How would you like a perennial that is hardy from USDA zones 3 through 9, tolerates browsing deer, drought, and smog, while attracting butterflies with its brilliant flowers? Moss phlox (Phlox subulata, also known as moss pinks and creeping phlox, does all that, and more. A very low growing groundcover that barely reaches six inches in height, moss phlox spreads to a diameter of two feet, making it ideal for the front of a border. The leaves resemble short, prickly pine needles, and are a gray-green in color. But it’s the flowers that cause me to run to the garden center for more.
I was adding some recent sightings to my life list when I got distracted reading down the list of the world’s bird species. There are so many—and some have pretty peculiar names! I started wondering how birds get their common names.
There’s always the old standby of choosing a name based on appearance. Red-headed Woodpeckers, bluebirds, and Black-throated Gray Warblers fall into this category, as do spoonbills, crossbills, and hornbills. Other names are based on location—you know where to look for the West Indian Whistling-Duck, Chilean Flamingo, or Galapagos Petrel. Some names are based on size, with plenty of “greater” this and “least” or “lesser” that.
Yuccas are as much a part of the Colorado landscape as red rocks and towering peaks. I admit, I didn’t like them at all when we arrived 25 years ago. Yuccas? Yuck! But in the intervening years, they’ve grown on me. I now acknowledge that yuccas have their place—as long as it isn’t in my yard.
I think my initial antipathy came from driving by a yard in a Colorado Springs neighborhood. The homeowners clearly didn’t want to deal with landscape maintenance; their front yard was mostly rocks. A scraggly Ponderosa sat to one side. The only other plants were a few yuccas stuck between some ugly boulders. It was probably intended to be a xeriscape. I thought it was a “zeroscape”!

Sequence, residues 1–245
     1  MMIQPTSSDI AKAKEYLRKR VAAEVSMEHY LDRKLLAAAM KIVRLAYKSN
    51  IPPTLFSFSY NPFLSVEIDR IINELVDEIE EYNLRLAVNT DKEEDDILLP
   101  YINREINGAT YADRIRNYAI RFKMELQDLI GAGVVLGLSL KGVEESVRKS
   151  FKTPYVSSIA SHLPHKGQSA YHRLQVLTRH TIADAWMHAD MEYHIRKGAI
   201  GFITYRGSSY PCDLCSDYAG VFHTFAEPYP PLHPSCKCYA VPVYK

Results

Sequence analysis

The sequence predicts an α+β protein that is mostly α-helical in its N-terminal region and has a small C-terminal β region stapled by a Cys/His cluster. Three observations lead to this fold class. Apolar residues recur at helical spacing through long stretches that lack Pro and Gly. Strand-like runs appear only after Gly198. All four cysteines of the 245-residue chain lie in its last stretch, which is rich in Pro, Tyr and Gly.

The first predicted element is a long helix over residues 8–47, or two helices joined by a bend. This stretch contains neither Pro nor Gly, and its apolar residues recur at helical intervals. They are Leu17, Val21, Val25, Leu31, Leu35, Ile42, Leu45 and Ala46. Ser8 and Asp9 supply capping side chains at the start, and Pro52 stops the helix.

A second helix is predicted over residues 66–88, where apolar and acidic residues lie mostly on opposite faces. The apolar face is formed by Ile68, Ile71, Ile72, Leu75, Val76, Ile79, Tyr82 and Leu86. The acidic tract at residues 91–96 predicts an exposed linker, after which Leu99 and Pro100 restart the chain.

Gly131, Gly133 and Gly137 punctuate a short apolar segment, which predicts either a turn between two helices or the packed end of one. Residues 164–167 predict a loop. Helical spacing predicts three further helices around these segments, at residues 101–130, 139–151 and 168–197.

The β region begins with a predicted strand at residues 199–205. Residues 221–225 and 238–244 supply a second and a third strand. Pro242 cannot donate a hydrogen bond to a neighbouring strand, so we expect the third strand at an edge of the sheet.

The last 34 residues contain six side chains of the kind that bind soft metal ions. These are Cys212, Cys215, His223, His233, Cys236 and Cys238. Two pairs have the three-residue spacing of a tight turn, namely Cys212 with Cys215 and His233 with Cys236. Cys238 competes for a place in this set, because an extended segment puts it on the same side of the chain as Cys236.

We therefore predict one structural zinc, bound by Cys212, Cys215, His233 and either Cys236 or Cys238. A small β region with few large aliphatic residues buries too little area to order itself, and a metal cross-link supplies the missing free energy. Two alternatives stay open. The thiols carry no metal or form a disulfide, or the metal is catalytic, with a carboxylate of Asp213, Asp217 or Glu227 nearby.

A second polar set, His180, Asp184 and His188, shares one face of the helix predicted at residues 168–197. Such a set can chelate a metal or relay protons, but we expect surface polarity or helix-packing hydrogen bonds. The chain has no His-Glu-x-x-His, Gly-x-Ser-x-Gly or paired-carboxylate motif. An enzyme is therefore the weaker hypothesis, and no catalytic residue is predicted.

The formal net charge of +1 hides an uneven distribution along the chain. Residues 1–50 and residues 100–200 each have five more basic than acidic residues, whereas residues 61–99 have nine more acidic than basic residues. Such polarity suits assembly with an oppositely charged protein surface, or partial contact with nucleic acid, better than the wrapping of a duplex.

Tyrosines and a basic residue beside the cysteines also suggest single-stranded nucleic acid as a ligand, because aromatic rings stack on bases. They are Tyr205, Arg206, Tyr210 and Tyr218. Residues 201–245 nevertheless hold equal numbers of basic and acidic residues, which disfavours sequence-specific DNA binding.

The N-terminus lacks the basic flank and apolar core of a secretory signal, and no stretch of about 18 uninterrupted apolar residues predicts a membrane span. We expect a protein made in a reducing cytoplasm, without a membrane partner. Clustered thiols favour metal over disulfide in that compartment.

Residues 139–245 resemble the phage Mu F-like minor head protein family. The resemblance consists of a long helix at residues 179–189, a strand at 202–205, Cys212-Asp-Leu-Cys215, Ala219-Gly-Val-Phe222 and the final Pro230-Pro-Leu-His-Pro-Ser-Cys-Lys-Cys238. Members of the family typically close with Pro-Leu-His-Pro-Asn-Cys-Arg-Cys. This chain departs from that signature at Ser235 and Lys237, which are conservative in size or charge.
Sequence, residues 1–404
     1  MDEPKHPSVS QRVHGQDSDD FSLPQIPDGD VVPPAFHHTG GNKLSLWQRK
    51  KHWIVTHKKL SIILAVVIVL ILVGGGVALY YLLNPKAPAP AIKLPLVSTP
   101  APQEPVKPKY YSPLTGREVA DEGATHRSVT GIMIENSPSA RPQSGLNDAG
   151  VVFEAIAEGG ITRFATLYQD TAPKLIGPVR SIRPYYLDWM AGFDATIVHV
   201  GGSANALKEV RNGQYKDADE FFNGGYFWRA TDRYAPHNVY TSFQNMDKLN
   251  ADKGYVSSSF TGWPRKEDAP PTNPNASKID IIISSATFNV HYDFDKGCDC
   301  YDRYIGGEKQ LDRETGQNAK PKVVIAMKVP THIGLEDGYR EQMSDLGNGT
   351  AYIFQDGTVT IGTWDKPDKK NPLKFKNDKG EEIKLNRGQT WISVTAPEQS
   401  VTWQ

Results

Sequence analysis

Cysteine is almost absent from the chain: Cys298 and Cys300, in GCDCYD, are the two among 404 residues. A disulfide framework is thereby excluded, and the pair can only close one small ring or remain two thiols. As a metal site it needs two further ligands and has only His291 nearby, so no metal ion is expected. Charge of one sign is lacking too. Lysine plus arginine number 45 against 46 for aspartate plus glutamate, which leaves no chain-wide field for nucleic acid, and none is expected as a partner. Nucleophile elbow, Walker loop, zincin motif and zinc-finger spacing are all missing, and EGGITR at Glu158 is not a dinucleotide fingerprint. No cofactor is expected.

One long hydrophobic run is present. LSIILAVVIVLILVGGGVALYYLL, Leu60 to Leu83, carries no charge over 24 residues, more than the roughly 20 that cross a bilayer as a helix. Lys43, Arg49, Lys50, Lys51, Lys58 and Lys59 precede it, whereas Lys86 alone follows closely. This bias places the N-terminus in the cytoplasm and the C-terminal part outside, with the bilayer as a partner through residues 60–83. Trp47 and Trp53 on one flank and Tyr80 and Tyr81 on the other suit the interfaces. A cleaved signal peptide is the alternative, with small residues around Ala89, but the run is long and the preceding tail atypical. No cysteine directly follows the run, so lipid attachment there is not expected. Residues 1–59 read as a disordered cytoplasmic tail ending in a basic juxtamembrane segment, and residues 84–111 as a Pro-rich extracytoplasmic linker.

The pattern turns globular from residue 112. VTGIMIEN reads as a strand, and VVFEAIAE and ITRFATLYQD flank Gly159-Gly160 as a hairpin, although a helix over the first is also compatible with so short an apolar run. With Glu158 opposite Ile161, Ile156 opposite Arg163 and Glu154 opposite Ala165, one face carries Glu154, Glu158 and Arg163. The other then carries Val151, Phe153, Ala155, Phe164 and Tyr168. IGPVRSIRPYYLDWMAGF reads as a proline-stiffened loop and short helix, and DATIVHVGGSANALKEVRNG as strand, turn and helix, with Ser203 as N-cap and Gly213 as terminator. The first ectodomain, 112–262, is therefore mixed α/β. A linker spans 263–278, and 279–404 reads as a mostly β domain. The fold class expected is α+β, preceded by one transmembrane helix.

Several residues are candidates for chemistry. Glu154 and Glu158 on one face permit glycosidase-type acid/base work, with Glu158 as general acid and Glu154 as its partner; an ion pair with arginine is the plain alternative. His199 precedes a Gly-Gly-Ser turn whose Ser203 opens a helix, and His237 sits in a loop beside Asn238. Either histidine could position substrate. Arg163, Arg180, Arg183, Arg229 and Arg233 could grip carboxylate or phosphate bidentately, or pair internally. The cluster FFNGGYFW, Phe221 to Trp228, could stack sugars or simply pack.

Would you like your bedroom to be infested with spiders? I can’t count the nights I’ve spent wide awake in bed. staring at a suspicious black blob on the ceiling (I’m rather nearsighted without my glasses). Was it a spider? Should I turn on the light? It might move if I take my eyes off it to find my glasses. What if it is a spider? Is it going to fall on me in the middle of the night?
You can tell I don’t appreciate spiders in my bedroom. It’s a good thing, then, that I’m not a House Wren.
If you were stymied on Monday, now can you name this bird? The photo was taken in Colorado in June. The answer will appear at the end of next Monday’s post.
Every so often I come across an article that explains something so much better than I ever could. This is one of those times.
Tsu Dho Nimh writes a blog called Lazy Gardening SMACKDOWN. Back in 2013, he tackled the viral advice about making your own herbicide out of vinegar, detergent, and some other ingredients. I’ve been meaning to cover this topic, because this homemade “herbicide” doesn’t work. But then I saw Nimh’s article, and realized that he did a much more thorough job of explaining it all.
Can you identify this bird? The photo was taken in Colorado during the month of June. The answer will appear next week.